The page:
Example Communication Rules:

1. Each person can only speak from their perspective.
2. Each person should avoid making assumptions about the intentions behind their partner’s words or behaviors.
3. There will be no devaluing of each other while in the therapy room.
4. Volume of speech must be kept to a 5 (out of 10) or below.
5. If a person feels the need to take a time-out, they may do so. The partner must respect the person’s decision to take a time-out and may not engage the person until they are ready.

Create a Secret Handshake

Brainstorm. Shall it start simply with the hands, or maybe a sliding motion from the wrist? Be sure to define where it starts.

Next you add 2-10 steps. From 2-4 means you’re cool and in the in-crowd; 5-10 means you are amazing and will have people trying to imitate you. This may get annoying. Hang in there.

Practice makes perfect. They say no one’s perfect. Too bad! You are the amazing exception.

Avoid awkward motions. Don’t flail your arms everywhere and stuff like that. Keep it subtle. Subtlety and sophistication is always stylish.

Be carefree when doing your intimate shake. If you’re on your guard while doing it (looking at other people, checking their reactions, smiling) they’re going to think of you as an annoying nuisance, thus transforming your “cool” handshake into a dowdy, dumb, unnecessary target for ridicule.


Wedding Layout

There are many parts in a wedding ceremony. Cut out the different parts outlined below and glue them to a page in the order you’d like them performed in the wedding. Throw out any parts you don’t want included. On a new sheet add details about what you’d like to see in each section including themes, music, etc.

  • Wedding Processional: Entrance of the groom, wedding party, and bride.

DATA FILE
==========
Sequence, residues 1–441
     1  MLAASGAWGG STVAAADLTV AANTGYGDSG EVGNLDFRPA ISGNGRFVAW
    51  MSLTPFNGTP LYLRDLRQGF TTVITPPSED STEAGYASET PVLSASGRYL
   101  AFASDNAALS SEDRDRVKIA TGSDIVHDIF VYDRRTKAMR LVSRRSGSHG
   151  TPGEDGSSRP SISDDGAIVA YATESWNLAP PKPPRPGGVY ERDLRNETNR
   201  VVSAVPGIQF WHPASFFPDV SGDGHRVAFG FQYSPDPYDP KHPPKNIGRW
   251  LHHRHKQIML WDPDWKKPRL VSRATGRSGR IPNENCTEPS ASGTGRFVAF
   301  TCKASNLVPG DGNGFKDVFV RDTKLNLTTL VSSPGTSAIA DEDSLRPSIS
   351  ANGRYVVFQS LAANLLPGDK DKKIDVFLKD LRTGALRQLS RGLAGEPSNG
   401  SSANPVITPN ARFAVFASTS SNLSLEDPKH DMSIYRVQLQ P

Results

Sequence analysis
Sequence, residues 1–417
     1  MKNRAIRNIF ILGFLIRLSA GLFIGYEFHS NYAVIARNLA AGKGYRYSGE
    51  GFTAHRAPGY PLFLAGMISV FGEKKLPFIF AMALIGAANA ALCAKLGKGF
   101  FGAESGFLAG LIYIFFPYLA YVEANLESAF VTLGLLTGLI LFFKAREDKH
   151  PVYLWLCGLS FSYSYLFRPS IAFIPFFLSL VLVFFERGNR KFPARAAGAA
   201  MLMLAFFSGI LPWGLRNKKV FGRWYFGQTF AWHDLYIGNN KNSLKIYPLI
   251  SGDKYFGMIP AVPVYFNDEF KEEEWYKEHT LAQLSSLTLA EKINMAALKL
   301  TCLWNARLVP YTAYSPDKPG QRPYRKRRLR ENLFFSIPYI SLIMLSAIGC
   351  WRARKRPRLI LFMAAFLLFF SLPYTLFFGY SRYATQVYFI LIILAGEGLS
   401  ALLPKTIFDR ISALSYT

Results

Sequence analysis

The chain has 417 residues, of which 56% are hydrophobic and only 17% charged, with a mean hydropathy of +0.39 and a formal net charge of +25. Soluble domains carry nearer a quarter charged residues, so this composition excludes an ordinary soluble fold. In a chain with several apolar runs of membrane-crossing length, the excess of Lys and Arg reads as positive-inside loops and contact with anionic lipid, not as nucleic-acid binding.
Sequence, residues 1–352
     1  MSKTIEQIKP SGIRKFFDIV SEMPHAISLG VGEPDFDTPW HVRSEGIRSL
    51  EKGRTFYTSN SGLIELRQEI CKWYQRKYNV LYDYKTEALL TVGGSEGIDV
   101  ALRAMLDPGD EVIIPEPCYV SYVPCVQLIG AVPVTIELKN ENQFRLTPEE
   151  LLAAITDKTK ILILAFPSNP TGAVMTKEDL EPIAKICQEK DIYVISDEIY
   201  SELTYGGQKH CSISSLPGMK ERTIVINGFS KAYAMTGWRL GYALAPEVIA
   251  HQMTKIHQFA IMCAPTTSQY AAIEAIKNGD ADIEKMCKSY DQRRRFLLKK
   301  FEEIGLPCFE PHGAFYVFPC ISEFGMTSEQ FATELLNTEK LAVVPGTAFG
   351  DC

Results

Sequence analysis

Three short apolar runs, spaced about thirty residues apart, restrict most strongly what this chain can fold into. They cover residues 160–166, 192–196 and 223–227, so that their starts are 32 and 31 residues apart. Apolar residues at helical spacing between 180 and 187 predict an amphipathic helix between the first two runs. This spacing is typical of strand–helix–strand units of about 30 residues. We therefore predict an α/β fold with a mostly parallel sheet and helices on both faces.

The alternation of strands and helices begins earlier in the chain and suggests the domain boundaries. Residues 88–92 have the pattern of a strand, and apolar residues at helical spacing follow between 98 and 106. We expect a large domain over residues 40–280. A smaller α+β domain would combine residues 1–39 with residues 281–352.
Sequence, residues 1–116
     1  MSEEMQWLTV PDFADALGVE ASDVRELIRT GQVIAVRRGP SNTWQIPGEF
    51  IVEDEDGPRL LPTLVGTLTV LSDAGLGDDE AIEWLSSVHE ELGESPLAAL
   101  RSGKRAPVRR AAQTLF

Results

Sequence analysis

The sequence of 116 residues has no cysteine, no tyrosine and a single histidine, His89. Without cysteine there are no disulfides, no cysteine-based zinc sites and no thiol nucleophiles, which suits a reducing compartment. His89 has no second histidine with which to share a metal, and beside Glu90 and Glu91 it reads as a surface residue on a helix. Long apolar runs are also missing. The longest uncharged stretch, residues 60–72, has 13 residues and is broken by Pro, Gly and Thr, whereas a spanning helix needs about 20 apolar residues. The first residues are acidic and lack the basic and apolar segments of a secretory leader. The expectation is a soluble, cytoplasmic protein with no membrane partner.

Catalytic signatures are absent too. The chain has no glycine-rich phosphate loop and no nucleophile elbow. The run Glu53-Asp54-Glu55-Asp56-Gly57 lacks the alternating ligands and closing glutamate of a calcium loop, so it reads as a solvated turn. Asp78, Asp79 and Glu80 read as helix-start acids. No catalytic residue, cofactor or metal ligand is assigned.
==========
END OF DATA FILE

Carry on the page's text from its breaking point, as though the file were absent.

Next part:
• House Keeping: A welcome, a please turn off your cellphones, a thank you to the guests for attending
  • A Speech from the Officiant: Describing the couple’s relationship, some anecdotes, and thoughts about love and the commitment that the two are making
  • The Readings: A guest or two will read a poem, song lyrics, a Bible passage, or even a scene from your favorite movie or book
  • The Expression of Intent: The expression of intent is when you and your partner are asked if you take this person to be your legally wedded partner, and you say, “I do” or “Hell yeah!” or “We do!”
  • Vows: Standard; read by the officiant and repeated by you
  • Vows: Written and read by you
  • Vows: Customized by the officiant, read by the officiant and repeated by you
  • Signing the Certificate: Attendants or witnesses to sign the wedding certificate
  • The Ceremony of the Rings: The officiant speaks for a moment about the meaning of rings. It usually is along the lines of, “Rings are a circle which is eternal, as is love.”
  • The Ring Vows: This is when you present your partner with their ring and say something to the effect of, “With this ring I thee wed.” Again, you can get as creative as you like.
  • The Pronouncement: The officiant pronounces you wed, married, husband and wife, zombie hunters for life…whatever you like.
  • The Kiss: The officiant says, “You may now kiss the bride” or “Give her a smooch” or “Alright… get at it!” Then you kiss.
  • Fun Activity: Do you want to include something unique? A “Love Actually” style musical interlude? A friend singing a song? A presentation of a gift? Be creative!
  • A Community Commitment to Support the Marriage: The officiant says something like, “Will you who are present here today, surround this couple in love, offering them the joys of your friendship? Will you support this couple in their relationship? At times of conflict will you offer them the strength of your wisest counsel and the comfort of your thoughtful concern? At times of joy, will you celebrate with them, nourishing their love for one another?” The guests respond, “We Will!”
  • Walking Down the Aisle: Everyone walks down the aisle.